Saving for Horseback Riding Costs

Find out how much horseback riding costs and open a new bank account to manage horse-related expenses

Horseback riding has many benefits, including strengthening your balance and coordination and improving your mental stamina. There is always something new to learn, and many riders find the activity therapeutic and stress-relieving. However, while horseback riding is a popular hobby, the cost of having a horse can be a deterrent. If you're considering horseback riding lessons or buying a horse, Citizens Bank can help you save and manage your spending with our Circle Gold Banking® package. Open a new bank account to save for horseback riding expenses such as boarding fees, equipment and lessons. Use our guide below to better understand the costs associated with riding and owning a horse before you start budgeting for this hobby.

The cost of having a horse

From paying for riding lessons to buying and caring for a horse, there are many factors and costs to consider before you invest in horseback riding for yourself or a family member. While the average cost of having of horse is an important factor (especially when it can cost over $11,000 per year), you also need to determine your, or your family's, readiness to own, train and care for a horse. If you're thinking about owning a horse, review these common costs associated with horseback riding from and consider a trial run, like volunteering and riding at a local barn, before committing to the cost of having a horse of your own.

  • Buying or adopting a horse. The cost of a horse depends on the training a horse has, whether you purchase it from an organization or private owner, and what breed you buy. You may be able to find young, untrained horses for several hundred dollars, but you should generally expect to pay several thousand dollars for most strong breeds or trained horses. If you choose to adopt a horse from a rescue organization, adoption fees can be around $300-$800, depending on the organization.
  • Boarding, grooming and feeding. If you don't have land, full-service boarding averages around $7,500, but could range from $3,000-$12,000 annually. When just the stall and pasture are provided ($3,000) and you do the feeding, you could spend an additional $250 or more a month for food. Grooming or farrier care (brushing, hoof trim and horseshoes) for your horse may cost between $50 and $150 per month, depending on whether or not your horse needs new shoes (every six to eight weeks).
  • Veterinary costs. You may spend around $250 per year for routine care, which includes two annual vaccinations, de-worming every six to eight weeks, and having the horse's teeth checked once a year. You may also want to budget for any unexpected injuries or illnesses.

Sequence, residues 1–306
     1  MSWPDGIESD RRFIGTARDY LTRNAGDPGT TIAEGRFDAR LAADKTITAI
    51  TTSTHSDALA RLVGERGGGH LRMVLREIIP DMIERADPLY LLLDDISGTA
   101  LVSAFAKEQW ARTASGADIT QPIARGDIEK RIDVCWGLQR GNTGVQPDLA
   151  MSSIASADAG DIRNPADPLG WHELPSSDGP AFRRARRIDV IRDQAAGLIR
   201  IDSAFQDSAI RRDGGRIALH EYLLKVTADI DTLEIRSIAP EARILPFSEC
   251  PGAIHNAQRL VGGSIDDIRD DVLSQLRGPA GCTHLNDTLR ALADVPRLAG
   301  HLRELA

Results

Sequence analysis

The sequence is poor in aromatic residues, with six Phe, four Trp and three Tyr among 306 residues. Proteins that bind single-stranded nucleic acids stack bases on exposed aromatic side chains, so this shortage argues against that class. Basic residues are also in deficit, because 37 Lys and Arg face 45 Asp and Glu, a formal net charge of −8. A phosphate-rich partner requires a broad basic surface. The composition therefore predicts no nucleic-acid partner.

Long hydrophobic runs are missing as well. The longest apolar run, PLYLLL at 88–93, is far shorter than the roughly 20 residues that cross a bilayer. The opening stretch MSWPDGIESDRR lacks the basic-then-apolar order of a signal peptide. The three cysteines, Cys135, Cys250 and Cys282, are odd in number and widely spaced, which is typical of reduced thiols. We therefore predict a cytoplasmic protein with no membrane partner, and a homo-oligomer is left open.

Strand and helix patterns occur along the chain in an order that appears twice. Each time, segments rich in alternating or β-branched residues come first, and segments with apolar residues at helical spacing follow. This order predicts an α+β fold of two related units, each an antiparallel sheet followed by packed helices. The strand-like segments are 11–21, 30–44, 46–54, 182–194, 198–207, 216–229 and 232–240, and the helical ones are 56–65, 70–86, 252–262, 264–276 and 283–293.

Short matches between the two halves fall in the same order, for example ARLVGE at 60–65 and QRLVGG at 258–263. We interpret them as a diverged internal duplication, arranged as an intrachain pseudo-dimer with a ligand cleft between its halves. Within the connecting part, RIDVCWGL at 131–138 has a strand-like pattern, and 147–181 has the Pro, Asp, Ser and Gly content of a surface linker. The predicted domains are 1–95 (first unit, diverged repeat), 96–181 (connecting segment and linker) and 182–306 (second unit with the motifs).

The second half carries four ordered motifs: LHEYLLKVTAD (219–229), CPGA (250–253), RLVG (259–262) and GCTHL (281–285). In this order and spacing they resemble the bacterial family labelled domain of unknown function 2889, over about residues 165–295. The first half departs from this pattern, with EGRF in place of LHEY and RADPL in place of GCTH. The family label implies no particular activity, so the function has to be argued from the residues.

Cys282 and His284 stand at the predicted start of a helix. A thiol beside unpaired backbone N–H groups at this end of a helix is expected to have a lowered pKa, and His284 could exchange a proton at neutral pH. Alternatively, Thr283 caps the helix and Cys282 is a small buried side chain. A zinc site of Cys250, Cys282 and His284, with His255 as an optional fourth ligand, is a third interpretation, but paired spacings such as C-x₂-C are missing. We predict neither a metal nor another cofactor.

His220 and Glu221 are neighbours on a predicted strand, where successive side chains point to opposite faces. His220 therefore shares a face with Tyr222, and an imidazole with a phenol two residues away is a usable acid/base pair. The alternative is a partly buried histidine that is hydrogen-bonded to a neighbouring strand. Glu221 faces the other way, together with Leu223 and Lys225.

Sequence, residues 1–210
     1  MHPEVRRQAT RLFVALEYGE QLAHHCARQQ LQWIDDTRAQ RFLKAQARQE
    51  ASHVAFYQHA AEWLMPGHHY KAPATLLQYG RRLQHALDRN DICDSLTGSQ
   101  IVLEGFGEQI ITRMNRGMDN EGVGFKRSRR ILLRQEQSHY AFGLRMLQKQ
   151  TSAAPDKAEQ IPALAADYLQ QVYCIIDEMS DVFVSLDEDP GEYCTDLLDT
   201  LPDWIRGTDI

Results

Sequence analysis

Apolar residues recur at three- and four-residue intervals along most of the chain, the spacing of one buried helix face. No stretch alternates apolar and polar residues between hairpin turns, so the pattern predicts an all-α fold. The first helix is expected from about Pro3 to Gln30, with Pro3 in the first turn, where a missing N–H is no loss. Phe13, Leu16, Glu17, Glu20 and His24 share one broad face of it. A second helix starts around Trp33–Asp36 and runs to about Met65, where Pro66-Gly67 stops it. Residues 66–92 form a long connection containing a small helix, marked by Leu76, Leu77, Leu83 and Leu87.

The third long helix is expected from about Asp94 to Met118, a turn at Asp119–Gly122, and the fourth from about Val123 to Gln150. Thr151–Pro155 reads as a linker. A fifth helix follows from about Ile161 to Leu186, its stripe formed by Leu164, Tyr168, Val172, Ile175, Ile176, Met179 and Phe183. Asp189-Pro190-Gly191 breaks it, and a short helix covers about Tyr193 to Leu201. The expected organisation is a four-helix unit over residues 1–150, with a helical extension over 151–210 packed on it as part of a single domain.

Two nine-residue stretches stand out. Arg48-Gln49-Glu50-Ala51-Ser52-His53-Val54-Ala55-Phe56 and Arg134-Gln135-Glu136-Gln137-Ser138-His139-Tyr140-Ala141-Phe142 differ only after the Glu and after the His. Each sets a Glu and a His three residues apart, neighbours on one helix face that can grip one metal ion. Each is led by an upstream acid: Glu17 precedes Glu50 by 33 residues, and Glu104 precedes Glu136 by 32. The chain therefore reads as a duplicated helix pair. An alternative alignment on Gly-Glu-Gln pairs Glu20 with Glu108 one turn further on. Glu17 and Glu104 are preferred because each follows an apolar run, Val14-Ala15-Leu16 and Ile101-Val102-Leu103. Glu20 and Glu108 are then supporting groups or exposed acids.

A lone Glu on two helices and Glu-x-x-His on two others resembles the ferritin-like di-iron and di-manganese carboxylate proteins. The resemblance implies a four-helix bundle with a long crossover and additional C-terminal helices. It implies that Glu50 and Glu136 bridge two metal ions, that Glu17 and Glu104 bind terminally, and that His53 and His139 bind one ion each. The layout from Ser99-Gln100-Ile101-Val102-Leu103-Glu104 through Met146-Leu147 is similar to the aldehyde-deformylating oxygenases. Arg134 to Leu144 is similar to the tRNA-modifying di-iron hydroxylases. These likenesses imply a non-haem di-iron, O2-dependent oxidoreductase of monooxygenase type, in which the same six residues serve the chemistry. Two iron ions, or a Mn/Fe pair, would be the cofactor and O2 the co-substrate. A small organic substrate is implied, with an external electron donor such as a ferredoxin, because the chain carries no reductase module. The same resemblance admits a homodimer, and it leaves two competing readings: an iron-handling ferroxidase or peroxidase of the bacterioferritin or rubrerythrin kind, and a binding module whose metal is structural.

• Training and riding lessons. If you won't be training the horse yourself, you will need training for the horse. This may be included in boarding costs, but if not, it could cost around $300-$500 a month. Riding lessons may cost around $20-$50 per hour. Both costs will vary based on the experience of trainer and rider, the styles they train in, the age and needs of your horse, and where you live.
  • Riding gear (tack, apparel and equipment). You will need to buy grooming equipment and tack (saddle pad, saddle and bridle) which can cost several thousand dollars. You'll also need riding boots and apparel. If you plan on competing, you could spend up to $15,000 on all the riding gear you need, but you can also find low-cost options if you're riding recreationally.
  • Medical and mortality insurance. To alleviate some of the costs of having a horse, you may want to purchase medical and mortality insurance policies, which will each be about five and four percent of the value of your horse, respectively.
  • Trailer. You'll need to transport your horse to and from the veterinarian, boarding facility, trails and shows if you compete. You may be able to find a used trailer for around $1,500.
  • Competition fees. If you want to enter horse competitions, open shows for the general public start at $20. However, it may cost you around $200 to enter a professional competition, and if you hire a coach, you could pay even more. Feeding, grooming and boarding costs are also likely to rise if you're competing.

Citizens Bank can help you save for and manage horseback riding costs

While riding or owning a horse is a rewarding experience, it's important to make sure you can afford the costs. Create a monthly budget for horseback riding using the expenses above, but keep in mind that prices may vary based on your specific circumstances and needs. After you've figured out the monthly cost of horseback riding, you can set aside funds in your Circle Gold Banking package. Stay on top of your horseback riding costs and easily transfer funds from your savings to checking account to make necessary purchases through online or mobile banking, PopMoney, checks or ATM withdrawals. Managing the cost of having a horse can be simpler when you use these tools from Citizens Bank.


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